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    HomeAI Trends & NewsEurope's top corporations critique forthcoming AI rules from the EU

    Europe’s top corporations critique forthcoming AI rules from the EU

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    Prominent European corporations have unified their voice in opposition to the European Union's impending regulations on artificial intelligence. They assert that the newly ratified Artificial Intelligence Act is unproductive and could stifle competition. In a public letter submitted to the European Parliament, Commission, and member states last Friday, over 150 leaders from businesses such as Heineken, Siemens, Airbus, and Renault criticized the AI Act, stating it could “endanger Europe's technological autonomy and competitive edge.”

    On June 14th, after two years of rule development and adjustments to include recent advancements in AI like large language AI models (LLMs) and base models, such as OpenAI's GPT-4, the European Parliament approved a draft of the AI Act. There are still several stages left before the new law comes into force, with the remaining inter-institutional discussions projected to conclude later this year.

    Those who signed the public letter argue that the AI Act, in its present form, might stifle the potential AI technology offers for Europe to “return to the technological vanguard.” They believe that the ratified regulations are excessively stringent, and rather than fostering a conducive environment for AI innovation, they could potentially sabotage the region's technological goals.

    A key concern highlighted by the companies pertains to the legislation's stringent rules explicitly aimed at generative AI systems, a type of AI model generally classified under the “foundation model” category. The AI Act stipulates that providers of foundational AI models—regardless of their application—will have to register their product with the EU, comply with risk assessments, and satisfy transparency requirements, such as disclosing any copyrighted data used to train their models publicly.

    The letter maintains that the businesses developing these foundational AI systems could face disproportionate compliance expenses and liability risks. This could potentially lead AI providers to exit the European market altogether. “Europe cannot afford to remain a bystander,” the letter stated, urging EU lawmakers to abandon their stringent compliance obligations for generative AI models and instead concentrate on those that can accommodate “broad principles in a risk-based approach.”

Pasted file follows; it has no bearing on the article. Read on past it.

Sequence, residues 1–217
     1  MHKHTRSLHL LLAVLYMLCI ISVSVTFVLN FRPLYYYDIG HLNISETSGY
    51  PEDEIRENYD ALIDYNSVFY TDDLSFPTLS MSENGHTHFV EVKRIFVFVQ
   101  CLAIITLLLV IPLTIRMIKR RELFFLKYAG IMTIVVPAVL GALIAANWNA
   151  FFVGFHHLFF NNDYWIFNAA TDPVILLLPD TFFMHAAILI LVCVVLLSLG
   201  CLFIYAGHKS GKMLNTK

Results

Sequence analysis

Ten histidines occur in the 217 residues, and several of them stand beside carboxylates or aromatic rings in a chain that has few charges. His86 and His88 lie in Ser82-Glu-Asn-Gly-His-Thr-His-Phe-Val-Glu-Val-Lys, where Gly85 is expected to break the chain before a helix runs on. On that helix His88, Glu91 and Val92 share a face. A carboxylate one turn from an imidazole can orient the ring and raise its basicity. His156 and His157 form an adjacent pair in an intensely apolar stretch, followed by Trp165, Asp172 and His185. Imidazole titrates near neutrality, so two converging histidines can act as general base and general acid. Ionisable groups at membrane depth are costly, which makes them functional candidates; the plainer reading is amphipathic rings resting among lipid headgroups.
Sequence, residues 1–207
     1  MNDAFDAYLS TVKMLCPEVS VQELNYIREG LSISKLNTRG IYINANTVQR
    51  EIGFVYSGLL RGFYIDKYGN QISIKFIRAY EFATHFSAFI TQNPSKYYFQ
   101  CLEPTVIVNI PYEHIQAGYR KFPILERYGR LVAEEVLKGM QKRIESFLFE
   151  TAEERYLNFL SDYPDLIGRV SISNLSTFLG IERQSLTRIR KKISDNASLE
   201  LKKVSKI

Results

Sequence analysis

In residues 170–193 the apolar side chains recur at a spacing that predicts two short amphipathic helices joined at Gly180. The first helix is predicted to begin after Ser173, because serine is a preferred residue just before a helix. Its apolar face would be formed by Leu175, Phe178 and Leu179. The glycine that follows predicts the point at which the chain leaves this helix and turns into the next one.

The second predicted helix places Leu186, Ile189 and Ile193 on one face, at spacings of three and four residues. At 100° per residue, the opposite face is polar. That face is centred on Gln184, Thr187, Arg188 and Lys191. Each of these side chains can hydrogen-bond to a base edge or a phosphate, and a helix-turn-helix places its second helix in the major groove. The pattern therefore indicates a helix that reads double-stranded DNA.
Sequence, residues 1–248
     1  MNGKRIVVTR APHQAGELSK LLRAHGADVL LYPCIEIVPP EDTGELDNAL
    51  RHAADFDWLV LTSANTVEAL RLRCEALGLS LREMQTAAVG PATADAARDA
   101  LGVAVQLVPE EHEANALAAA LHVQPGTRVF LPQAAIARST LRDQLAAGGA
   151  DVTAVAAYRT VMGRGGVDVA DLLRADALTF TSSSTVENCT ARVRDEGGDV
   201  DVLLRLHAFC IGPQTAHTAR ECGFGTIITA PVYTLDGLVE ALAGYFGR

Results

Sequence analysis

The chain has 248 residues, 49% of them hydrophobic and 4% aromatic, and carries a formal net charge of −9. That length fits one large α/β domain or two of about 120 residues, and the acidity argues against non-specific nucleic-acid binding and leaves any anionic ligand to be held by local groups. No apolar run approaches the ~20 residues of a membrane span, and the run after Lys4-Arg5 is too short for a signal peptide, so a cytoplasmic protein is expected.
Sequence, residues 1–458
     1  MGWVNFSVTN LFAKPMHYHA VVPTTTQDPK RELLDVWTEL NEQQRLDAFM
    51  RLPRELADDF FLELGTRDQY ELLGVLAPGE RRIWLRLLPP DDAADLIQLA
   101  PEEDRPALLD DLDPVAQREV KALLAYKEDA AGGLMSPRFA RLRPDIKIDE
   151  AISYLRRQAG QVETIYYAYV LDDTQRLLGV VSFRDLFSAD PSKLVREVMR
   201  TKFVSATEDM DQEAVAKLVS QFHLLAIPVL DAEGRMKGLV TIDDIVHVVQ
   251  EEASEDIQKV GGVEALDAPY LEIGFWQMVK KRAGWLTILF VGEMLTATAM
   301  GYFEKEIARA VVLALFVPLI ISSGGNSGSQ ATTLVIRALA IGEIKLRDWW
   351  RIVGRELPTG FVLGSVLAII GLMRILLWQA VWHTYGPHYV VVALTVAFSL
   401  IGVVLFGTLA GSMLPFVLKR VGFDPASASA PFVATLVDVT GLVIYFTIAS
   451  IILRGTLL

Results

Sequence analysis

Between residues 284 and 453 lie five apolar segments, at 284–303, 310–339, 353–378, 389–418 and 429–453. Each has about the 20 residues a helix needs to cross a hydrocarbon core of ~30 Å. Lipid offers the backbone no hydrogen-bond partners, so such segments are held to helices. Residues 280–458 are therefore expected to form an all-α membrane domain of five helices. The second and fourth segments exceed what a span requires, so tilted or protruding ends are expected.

“Presently, the EU AI Act has devastating repercussions for European competitiveness”

    “Having thoroughly evaluated it, we have arrived at the conclusion that the EU AI Act, in its current form, has devastating repercussions for European competitiveness,” noted Jeannette zu Fürstenberg, a founding partner at La Famiglia VC and one of the letter's signatories. “At present, there is a robust spirit of innovation being fostered in Europe, with vital European talent departing US companies to pioneer technology in Europe. This innovative spirit is jeopardized by regulations that unduly burden young, inventive companies.”

    The businesses have also urged the EU to establish a specialized regulatory body within the AI industry to supervise how the AI Act can be implemented as the technology evolves.

    Responding to the letter, Dragoș Tudorache, a Member of the European Parliament who was instrumental in the creation of the AI Act, said, “It is regrettable that the intense lobbying of a few is influencing other established companies.” Tudorache asserts that the companies who endorsed the letter are reacting “on the prompt of a few,” and that the draft EU legislation provides “an industry-guided process for defining standards, governance with industry representation, and a lightweight regulatory regime that demands transparency. Nothing more.”

    In 2022, OpenAI, the organization behind Dall-E and ChatGPT, lobbied the EU to modify a previous draft of the AI Act. They asked lawmakers to abandon a proposed amendment that would have subjected all providers of general-purpose AI systems—a broad and ambiguous category of AI that LLMs and foundational models can be classified under—to the most stringent restrictions of the AI Act. This amendment was ultimately not included in the ratified legislation.

    Sam Altman, OpenAI's CEO, who also signed an open letter warning of potential threats that future AI systems could pose, had previously cautioned that the company could exit the European market if it could not comply with EU regulations. Altman subsequently retracted his statement, confirming that OpenAI has “no intentions of leaving.”

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    Ellah Spring
    Ellah Spring is a nympho dedicated to artificial intelligence and adult content in all forms. She likes to share insights, personal opinions, keep up with trends and be thought-provoking in unimaginable ways. Ellah dreams about a world where tech and intimacy converges seamlessly. How sad.

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